The Jackson Free Press (Mississippi) featured an interview with Joan Chittister, “Where I Am, You May
Not Harm,” in a recent issue. This is an excerpt from the interview conducted by Ronni Mott.
In an interview you did with Krista Tippett (Host of American Public Media’s “On Being”) many years
ago, you said, “Feminism is holy.” Can you expand a little bit on that.
Well, of course. What is feminism? It is the desire to create a society where all people function fully,
equally and justly, together and as a people alone. Now, feminism is just the willingness to spend your
life to achieve those issues, for women and well as for men, so that we are all coming to the fullness of
both our spiritual and physical reality.
When people say, “I don’t see how you can be a Christian and a feminist,” I say, “I don’t see how you
can be a Christian and not be a feminist.”
Everything that Jesus wanted, Jesus wanted for all of us. He doesn’t say, “I want full development for
men, for women I have another task.” Do you see what I’m saying? The minute you put it in those
words, you see the idiocy of it. This is a purely cultural imprecision, or restriction, of half the human
race for the sake of the other half. It’s that simple.
You work with many groups throughout the world. One of them is the Global Peace Initiative for
Women. I have to poke at my women friends who say things like, “If women ran the world, we would
have no more wars.” Obviously, that’s not true; there are plenty of women throughout history who
have started wars. So tell me, what is the Global Peace Initiative for Women?
In the first place, we have to realize that women have been kept out of leadership for so long that
getting into those positions kind of required, at least unconsciously, that they looked capable and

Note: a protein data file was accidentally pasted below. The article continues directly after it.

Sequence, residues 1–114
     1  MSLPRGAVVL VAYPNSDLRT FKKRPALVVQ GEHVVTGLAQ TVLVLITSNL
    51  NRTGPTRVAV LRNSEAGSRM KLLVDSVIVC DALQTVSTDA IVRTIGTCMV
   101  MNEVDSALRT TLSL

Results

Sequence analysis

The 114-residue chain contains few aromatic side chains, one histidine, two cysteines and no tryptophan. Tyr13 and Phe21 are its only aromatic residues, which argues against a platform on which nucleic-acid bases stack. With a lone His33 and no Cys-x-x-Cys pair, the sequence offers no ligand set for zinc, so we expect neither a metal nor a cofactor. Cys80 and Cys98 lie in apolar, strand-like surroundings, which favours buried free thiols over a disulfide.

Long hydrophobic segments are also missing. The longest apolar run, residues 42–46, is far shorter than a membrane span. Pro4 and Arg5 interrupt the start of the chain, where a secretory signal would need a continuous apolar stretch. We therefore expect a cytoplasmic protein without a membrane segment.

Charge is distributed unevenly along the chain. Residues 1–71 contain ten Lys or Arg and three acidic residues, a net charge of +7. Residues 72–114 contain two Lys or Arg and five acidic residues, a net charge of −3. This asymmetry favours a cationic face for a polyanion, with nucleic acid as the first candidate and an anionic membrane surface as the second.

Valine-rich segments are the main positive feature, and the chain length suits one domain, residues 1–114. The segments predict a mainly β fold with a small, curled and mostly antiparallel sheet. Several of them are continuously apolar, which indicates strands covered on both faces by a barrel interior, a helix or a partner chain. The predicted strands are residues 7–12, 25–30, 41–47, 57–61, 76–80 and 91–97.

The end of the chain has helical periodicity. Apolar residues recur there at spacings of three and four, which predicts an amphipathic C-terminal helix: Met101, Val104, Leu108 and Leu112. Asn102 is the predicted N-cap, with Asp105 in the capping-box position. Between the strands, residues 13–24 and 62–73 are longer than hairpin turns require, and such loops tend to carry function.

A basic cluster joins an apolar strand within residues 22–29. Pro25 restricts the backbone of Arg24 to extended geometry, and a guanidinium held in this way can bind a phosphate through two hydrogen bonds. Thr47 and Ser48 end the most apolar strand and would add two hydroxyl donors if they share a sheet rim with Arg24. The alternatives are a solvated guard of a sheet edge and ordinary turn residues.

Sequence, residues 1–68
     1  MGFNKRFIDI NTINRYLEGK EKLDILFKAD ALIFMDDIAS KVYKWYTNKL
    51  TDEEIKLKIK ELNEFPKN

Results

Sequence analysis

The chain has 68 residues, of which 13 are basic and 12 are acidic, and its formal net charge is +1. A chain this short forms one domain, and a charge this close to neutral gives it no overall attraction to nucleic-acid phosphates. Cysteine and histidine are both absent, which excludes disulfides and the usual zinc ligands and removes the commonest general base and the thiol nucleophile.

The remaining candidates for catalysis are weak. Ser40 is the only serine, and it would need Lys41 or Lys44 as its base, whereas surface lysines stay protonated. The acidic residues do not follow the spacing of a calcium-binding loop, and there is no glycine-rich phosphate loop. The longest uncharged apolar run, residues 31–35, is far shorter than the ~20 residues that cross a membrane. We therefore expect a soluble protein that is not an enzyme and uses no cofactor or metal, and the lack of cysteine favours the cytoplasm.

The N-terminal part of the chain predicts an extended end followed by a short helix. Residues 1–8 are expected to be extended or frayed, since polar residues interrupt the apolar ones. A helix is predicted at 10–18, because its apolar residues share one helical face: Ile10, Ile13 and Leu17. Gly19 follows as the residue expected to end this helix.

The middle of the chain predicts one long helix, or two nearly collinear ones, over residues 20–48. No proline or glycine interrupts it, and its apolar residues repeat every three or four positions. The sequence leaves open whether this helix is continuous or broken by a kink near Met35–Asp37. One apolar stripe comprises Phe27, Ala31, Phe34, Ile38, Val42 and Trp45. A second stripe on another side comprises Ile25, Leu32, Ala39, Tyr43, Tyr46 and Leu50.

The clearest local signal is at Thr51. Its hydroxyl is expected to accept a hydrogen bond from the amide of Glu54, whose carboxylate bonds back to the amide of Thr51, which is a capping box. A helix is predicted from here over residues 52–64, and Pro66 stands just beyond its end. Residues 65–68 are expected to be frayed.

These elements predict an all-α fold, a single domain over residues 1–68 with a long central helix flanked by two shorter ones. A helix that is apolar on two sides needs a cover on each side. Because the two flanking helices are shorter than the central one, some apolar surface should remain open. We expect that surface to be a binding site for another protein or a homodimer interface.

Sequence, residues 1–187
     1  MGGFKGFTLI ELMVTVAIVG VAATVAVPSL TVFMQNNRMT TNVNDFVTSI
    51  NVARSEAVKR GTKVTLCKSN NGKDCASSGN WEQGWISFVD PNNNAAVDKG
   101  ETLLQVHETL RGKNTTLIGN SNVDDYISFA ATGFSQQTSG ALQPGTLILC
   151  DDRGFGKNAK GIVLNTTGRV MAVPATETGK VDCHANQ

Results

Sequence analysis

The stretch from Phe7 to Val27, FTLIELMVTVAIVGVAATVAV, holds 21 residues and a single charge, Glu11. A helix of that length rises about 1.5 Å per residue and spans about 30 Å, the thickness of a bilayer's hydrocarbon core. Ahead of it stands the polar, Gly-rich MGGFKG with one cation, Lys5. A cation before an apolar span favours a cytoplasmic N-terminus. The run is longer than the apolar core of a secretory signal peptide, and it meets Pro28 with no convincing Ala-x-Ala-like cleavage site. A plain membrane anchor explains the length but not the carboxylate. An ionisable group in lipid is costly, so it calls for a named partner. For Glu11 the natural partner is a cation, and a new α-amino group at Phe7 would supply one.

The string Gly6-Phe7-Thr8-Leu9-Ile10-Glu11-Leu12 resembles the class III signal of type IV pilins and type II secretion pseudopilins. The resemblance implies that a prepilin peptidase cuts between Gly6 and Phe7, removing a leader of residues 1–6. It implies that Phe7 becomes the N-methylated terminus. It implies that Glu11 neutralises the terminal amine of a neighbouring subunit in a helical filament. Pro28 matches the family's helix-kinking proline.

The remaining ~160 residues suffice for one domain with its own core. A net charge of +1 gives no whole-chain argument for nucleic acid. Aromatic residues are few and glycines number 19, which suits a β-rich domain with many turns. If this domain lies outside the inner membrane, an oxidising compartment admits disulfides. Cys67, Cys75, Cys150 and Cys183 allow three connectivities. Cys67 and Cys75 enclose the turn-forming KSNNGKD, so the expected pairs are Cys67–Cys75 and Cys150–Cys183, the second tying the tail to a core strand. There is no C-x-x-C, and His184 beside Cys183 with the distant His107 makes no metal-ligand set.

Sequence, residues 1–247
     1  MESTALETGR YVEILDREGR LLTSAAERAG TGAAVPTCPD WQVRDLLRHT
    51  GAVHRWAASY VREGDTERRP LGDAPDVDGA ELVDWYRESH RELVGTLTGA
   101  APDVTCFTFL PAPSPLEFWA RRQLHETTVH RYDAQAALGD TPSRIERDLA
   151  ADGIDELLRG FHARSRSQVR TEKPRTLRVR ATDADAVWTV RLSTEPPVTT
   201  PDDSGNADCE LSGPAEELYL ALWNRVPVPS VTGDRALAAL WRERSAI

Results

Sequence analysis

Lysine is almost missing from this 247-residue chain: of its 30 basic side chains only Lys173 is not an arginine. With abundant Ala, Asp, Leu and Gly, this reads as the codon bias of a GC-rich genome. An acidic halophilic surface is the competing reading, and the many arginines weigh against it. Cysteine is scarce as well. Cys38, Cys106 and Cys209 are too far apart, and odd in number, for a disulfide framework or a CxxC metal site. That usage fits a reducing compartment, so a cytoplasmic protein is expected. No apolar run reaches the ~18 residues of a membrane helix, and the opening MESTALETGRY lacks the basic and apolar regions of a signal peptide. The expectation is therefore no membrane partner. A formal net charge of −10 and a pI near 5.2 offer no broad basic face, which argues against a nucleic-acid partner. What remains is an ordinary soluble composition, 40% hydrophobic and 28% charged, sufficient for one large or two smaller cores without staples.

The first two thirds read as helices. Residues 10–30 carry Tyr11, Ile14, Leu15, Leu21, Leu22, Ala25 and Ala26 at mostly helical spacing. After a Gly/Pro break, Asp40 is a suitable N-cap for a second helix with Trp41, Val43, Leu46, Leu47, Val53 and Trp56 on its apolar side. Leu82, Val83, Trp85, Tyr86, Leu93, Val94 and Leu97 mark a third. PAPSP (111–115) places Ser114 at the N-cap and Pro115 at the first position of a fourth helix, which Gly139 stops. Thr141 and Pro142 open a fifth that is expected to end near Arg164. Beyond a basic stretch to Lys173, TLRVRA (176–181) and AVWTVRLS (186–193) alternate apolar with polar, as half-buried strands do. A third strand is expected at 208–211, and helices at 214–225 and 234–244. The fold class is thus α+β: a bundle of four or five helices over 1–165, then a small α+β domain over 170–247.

qualified to be “the same kind of leader” as men.
We may need exactly the opposite kind of leadership. And that is what does fall within what we have
traditionally said were “women’s” strengths. Whether it is gender-based or not, it’s irrelevant. We have
identified women as the relation-makers in the world. The reason you go to war is because you can’t
I always say, if women are just like men and you (don’t) put them on committees, what’s your problem?
They won’t destroy it. And if women are unlike men and you don’t have them on committees, you will
lose half the agendas of the world. And that’s what we’re doing when we make war: We make a man’s
war against men, and women die in the middle of it.
The Global Peace Initiative of Women is an attempt to bring together spiritual leaders from every single
major religious tradition, basically women spiritual leaders, to go into areas of conflict and bring people
together around the table and say, “There is no great religion on the planet that would justify what is
going on here.”
So, as a woman of faith, as a monastic, how do you see your role and the role of other people of faith
in the world?
It’s a simple one: To see injustice and say so, to find the truth and proclaim it, to allow no stone to be
unturned when it is a stone that will be cast at anyone else. It’s just that simple. There is nothing
institutional, organizational, political about it. It says: “Where I am, you may not harm these people. You
may not deride them; you may not reject them; you may not sneer at them; and you certainly cannot
blame them for their own existence."
I’ve devoted my life, consciously, to issues of injustice as a voice for their good, so that I, myself, do
not forget that they are standing there crying.
Where I Am You May Not Harm